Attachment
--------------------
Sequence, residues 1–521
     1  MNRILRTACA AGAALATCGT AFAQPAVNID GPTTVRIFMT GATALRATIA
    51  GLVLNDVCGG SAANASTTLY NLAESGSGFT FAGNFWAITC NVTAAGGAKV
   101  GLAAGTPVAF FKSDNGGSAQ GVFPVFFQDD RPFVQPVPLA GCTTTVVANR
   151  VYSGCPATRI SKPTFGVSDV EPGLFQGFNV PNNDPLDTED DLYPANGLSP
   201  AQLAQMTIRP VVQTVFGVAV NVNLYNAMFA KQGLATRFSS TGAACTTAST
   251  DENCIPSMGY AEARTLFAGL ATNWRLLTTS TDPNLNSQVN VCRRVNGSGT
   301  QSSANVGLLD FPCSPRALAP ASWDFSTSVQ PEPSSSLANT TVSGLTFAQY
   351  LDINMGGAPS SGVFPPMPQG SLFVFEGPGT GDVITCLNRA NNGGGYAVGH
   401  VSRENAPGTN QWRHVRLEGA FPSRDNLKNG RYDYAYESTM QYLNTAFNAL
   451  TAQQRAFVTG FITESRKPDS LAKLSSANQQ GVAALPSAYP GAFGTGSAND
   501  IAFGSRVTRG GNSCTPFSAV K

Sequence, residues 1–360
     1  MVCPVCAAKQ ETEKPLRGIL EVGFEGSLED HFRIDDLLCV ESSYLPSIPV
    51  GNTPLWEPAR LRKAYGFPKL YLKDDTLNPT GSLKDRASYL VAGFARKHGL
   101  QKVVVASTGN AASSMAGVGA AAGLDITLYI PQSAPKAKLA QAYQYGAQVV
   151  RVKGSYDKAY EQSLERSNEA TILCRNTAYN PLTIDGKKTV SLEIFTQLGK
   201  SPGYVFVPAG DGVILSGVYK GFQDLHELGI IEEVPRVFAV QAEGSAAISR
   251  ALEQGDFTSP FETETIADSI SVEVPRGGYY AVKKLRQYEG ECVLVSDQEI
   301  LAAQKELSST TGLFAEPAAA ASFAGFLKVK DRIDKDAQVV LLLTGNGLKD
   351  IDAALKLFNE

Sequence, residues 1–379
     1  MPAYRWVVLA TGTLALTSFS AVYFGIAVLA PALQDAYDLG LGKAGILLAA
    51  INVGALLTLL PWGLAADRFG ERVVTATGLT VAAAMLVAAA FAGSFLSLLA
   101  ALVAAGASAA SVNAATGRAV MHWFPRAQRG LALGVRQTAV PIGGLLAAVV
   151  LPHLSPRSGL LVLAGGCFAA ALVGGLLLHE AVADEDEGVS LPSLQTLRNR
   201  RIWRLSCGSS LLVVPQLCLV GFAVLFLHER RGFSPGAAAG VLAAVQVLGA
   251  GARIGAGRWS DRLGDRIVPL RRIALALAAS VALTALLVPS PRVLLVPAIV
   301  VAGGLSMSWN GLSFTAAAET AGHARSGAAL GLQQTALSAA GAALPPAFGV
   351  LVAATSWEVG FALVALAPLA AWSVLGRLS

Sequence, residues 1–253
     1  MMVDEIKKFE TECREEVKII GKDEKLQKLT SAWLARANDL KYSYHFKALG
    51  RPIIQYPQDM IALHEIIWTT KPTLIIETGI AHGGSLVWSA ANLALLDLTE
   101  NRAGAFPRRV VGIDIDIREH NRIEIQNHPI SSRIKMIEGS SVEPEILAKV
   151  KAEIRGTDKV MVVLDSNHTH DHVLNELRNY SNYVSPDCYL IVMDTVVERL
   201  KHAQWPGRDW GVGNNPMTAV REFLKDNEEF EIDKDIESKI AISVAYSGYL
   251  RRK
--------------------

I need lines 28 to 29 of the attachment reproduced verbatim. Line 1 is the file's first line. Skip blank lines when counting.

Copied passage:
   251  GARIGAGRWS DRLGDRIVPL RRIALALAAS VALTALLVPS PRVLLVPAIV
   301  VAGGLSMSWN GLSFTAAAET AGHARSGAAL GLQQTALSAA GAALPPAFGV